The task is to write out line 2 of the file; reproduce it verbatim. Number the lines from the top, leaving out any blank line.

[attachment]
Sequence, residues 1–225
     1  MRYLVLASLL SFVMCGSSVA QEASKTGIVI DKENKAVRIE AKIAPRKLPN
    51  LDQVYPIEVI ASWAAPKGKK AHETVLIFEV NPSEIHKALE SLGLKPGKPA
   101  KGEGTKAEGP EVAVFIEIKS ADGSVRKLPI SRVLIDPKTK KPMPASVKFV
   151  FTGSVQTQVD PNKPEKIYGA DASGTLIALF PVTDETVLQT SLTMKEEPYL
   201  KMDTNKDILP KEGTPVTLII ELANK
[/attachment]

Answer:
     1  MRYLVLASLL SFVMCGSSVA QEASKTGIVI DKENKAVRIE AKIAPRKLPN